US PRESSWIRERookie Bishop Sankey has the chance to win the starting gig during training camp.
With Johnson gone, there will be a new lead back in Nashville. Looking at the roster, I can see a rotation featuring second-round draft pick Bishop Sankey from Washington and 2013 free agent signee Shonn Greene. Greene is an inside banger but had injury woes last year. Sankey lacks great size at 5-10 – 210, but he is an excellent all-around back who can run inside and outside as well as catch out of the backfield.
The player signed for spot duty is Dexter McCluster, who was with Kansas City last season. McCluster can be used as a running back or a slot receiver, but he lacks the size and durability to get more than 10-12 touches a game. That said, he has the talent to make some big plays with those 10-12 touches.
With the scheme being changed from a 4-3 to a 3-4, Ray Horton has to get everyone lined up in the right positions.
The leading candidates to play on the nose are Sammie Hill and Antonio Johnson. They have the size and girth to occupy blockers and be disruptive. Another candidate for the position is free agent Al Woods, who comes over from Pittsburgh. While Woods is primarily a nose, he can also play as a 5-technique.
The ends should be Jurrell Casey and Ropati Pitoitua. Casey is a natural 4-3 tackle but can play the 5-technique. There are many pro scouts that feel he can be an outstanding player. For depth there is last year’s fifth-round pick in Lavar Edwards, who is very athletic, and this year’s fourth round pick DaQuan Jones. Jones can play inside or outside and moves well for a 320-pound man.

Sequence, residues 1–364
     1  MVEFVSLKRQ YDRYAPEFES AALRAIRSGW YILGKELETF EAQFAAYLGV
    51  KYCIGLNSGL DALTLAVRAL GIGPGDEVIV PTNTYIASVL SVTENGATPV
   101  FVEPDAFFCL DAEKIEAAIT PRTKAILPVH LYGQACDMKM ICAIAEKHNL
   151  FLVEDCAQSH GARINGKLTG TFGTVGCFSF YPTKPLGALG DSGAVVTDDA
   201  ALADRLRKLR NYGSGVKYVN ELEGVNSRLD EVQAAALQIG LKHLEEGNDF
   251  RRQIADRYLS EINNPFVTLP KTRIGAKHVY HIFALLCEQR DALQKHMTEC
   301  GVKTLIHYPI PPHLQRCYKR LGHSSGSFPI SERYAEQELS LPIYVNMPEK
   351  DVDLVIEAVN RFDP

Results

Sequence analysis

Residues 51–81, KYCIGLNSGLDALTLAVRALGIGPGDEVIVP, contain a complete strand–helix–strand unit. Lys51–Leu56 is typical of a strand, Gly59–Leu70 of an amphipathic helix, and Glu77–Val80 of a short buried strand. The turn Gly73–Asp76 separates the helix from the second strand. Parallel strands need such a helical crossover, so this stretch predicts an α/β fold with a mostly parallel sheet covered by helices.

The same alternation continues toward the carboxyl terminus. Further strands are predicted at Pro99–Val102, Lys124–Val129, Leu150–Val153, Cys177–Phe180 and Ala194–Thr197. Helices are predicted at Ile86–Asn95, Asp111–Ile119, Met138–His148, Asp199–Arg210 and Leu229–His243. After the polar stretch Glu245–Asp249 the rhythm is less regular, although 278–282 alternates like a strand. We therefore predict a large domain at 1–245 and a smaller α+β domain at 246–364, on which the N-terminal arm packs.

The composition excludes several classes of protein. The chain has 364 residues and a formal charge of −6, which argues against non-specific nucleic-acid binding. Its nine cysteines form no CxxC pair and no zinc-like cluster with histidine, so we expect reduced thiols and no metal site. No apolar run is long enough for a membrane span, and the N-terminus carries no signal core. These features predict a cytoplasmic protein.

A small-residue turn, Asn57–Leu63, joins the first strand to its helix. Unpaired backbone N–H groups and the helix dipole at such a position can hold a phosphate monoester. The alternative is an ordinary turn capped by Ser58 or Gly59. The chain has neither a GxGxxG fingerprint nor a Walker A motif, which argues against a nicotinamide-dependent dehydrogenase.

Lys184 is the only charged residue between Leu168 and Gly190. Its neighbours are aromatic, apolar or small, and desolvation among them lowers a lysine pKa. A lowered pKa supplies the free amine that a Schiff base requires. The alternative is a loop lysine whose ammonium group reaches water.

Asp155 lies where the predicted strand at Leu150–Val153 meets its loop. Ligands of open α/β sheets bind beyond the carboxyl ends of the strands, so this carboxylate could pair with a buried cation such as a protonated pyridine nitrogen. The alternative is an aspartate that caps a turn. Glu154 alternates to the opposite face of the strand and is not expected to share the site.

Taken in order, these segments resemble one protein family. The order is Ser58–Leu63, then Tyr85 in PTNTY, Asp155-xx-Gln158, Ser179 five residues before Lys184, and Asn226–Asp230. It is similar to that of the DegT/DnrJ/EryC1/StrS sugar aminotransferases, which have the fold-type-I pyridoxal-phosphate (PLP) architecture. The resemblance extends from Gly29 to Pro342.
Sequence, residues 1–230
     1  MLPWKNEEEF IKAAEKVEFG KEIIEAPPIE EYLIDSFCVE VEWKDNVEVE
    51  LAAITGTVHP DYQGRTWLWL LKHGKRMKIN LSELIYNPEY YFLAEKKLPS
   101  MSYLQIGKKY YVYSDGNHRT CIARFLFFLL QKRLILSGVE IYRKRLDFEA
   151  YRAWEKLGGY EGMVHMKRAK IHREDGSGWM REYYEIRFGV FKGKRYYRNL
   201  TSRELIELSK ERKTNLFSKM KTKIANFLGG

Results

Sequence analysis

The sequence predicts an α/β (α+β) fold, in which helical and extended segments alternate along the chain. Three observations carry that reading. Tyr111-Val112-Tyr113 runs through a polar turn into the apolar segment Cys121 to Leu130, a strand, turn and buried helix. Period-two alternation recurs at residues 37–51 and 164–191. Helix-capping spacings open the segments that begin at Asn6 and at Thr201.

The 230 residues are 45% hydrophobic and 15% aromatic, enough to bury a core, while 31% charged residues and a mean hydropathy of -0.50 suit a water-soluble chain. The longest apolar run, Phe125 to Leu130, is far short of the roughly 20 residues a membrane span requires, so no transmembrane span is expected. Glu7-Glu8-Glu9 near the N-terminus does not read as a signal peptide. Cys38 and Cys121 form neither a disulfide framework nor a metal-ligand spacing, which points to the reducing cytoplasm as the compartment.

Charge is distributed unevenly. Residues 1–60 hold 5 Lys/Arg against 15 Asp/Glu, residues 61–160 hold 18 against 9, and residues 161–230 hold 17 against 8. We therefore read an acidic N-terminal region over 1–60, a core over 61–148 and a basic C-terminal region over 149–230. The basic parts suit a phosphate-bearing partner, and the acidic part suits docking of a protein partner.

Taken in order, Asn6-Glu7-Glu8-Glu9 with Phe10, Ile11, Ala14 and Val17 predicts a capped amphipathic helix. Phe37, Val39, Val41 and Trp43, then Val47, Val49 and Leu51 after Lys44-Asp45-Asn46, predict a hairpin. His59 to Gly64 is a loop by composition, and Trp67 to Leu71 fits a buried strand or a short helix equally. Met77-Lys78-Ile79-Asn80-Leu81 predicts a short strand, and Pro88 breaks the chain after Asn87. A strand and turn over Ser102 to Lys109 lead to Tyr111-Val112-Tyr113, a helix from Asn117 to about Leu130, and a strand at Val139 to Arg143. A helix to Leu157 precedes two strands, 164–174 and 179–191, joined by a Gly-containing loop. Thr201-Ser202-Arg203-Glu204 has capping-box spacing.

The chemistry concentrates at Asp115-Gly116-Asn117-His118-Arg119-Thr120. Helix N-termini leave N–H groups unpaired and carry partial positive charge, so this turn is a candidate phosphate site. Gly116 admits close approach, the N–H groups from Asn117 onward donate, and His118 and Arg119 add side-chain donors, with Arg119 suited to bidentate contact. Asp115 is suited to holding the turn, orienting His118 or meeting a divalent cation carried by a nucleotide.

With the scheme change, some players who were defensive ends are now outside linebackers meaning their primary job will still be rushing the passer, although they will have to drop into coverage at times.
Going into camp the starters look like Derrick Morgan and Kamerion Wimbley. Wimbley has experience on his feet. The position will be new to Morgan, but he has the athletic traits and instincts to make the switch.
The backups at the outside positions should be Akeem Ayers, who also has experience playing on his feet, and Shaun Phillips, who is a proven pass rusher.
Inside, free agent Wesley Woodyard, who was with Denver last year, will be one of the starters. The other could be Zach Brown, who has been inconsistent during his career to date. For depth, there is Moise Fokou and Colin McCarthy. Both have starting experience but may not be perfect fits in the new scheme. A player to keep an eye on is second-year man Zavier Gooden. Gooden is a rare athlete, but his instincts are questionable.
The big loss in the secondary is cornerback Alterraun Verner, who signed with Tampa Bay during free agency. He will most likely be replaced by Coty Sensabaugh, who was the nickel back in 2013. The other corner is steady James McCourty. The nickel corner goes to second-year man Blidi Wreh-Wilson who is very talented, but raw. He should really come on in 2014.
The strong safety is Bernard Pollard, who is very physical, and the free is Michael Griffin. Griffin is a rangy player with good ball skills. Rookie Marqueston Huff from Wyoming can play safety or corner. He is a talented kid who will work his way into the lineup.
The AFC South is without question the weakest division in the AFC. Indianapolis is head and shoulders better than Houston, Tennessee and Jacksonville, who are all in rebuilding mode. The key to Tennessee having a good season will most likely be related to how well Jake Locker plays. With Locker going into the final year of his rookie contract, he has to come on strong or the Titans will be looking for a quarterback in next year’s draft.
If Locker plays well, I can see Tennessee improving to 8¬-8, but I doubt they make a run at the playoffs. With a new defensive scheme and players in new positions, this is a tough team to handicap. We will all have a much better feel after the first month of the season.
Follow Greg on Twitter: @greggabe